Republic of Ireland news

People who disappeared Troubles victims urged to clear their consciences

Columba McVeigh, Joe Lynskey and Robert Nairac
David Young, PA

The sister of one of the remaining Disappeared victims of the Troubles has urged those who know where he is buried to clear their consciences before they die.

Dympna Kerr, whose brother Columba McVeigh was murdered and secretly buried by the IRA in 1975, joined other bereaved relatives on Tuesday for a silent walk in memory of those who are yet to be found.

Sixteen people were disappeared by republican paramilitaries during the Troubles. Aided by a commission set up to investigate their whereabouts, 13 have been found over the last two decades.

Co Tyrone teenager Mr McVeigh, former monk Joe Lynskey and British Army Captain Robert Nairac have never been found despite extensive inquiries and searches.

Co Down hairdresser Lisa Dorrian, who vanished from a caravan park in Ballyhalbert in 2005, is now considered to be the fourth Disappeared victim whose remains are yet to be recovered.

A wreath carried by Mrs Kerr on the annual All Souls Day walk at Stormont bore four white lilies to signify the four victims.

Mr McVeigh, from Donaghmore, Co Tyrone, was abducted and murdered in 1975.

Multiple searches of Bragan Bog in Co Monaghan by the Independent Commission for the Location of Victims’ Remains (ICLVR) have ended in failure.

“It’s nearly 50 years ago, it’s time now for the people to come forward,” said Mrs Kerr.

“Tell us where he is. They’ve nothing to gain and have nothing to lose. But all we want is put him in the grave in Donaghmore beside our mum and dad, that is our wish as a family.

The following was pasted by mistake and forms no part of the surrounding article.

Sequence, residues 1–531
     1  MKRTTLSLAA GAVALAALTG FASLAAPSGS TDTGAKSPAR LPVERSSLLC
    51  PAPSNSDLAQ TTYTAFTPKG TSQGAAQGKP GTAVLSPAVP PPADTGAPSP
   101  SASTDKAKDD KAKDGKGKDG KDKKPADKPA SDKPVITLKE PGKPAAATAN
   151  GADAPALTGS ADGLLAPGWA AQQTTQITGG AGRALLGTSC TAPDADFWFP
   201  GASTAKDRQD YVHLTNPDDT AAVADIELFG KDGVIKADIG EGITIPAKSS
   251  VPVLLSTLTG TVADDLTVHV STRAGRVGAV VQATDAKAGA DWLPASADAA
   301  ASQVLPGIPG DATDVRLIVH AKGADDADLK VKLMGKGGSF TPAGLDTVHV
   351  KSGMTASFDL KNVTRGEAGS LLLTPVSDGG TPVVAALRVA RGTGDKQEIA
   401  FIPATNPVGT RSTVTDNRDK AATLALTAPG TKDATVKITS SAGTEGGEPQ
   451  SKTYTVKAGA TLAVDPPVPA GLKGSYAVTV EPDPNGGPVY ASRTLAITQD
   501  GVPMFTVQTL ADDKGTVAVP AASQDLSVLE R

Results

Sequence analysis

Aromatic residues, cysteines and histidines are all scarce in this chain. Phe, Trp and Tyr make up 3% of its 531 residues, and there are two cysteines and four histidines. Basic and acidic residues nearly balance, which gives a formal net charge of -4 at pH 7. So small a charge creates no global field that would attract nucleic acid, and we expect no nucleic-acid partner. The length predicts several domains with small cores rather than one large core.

“The last thing you’ll ever give up is hope.

“And these people who know something, well, like yourselves, we’re all getting older and we’re all going to be leaving this earth one day. And I would like to leave it with a clear conscience and maybe they would as well.

“So maybe they could think of that as well and think of their judgment day. Just tell the information, put it across. Let us find the Disappeared and that’s it.

“It’s not closure, but it’s completeness. We’re all born, we live, we die, we’re buried. Columba was born, lived and died but he’s not buried. We want to bury him.”

Mr Lynskey went missing from his west Belfast home in May 1972. Searches have taken place for his remains in Co Meath, but ended without success.

Capt Nairac is believed to have been abducted from a bar in south Armagh in May 1977. Unsuccessful searches have taken place for his remains at Ravensdale Forest, Co Louth.

Mr Lynskey’s niece Maria laid flowers at Tuesday’s event in Belfast.

“If you haven’t hope, what have you got?” she said.

“It’s a horrible thing to think anybody would be taken away and disappeared.

“You know, there’s no reason to it. What has anybody got out of it? Why not just give these bodies back and then it’s finished.

“We keep hearing that it’s time for victims to know the truth. We don’t look at ourselves as victims but it is time for us to find out the truth. And the truth is where are our loved ones, where are they?”

Information can be passed to the ICLVR in confidence. No criminal charges can be brought on the basis of information received by the commission.

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